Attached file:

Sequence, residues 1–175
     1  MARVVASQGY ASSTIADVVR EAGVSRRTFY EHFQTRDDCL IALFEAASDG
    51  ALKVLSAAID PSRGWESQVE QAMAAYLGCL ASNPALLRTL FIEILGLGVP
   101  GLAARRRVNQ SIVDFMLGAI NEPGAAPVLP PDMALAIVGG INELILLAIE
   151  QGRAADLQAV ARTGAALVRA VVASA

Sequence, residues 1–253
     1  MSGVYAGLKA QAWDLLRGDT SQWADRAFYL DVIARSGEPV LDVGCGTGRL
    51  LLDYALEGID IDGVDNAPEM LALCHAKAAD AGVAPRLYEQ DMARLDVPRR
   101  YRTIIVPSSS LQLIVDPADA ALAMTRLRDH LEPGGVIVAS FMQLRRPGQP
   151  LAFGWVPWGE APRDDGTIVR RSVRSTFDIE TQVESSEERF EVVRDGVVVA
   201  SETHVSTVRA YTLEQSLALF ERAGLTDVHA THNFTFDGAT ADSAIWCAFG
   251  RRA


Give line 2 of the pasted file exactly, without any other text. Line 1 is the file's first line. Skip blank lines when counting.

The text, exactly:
     1  MARVVASQGY ASSTIADVVR EAGVSRRTFY EHFQTRDDCL IALFEAASDG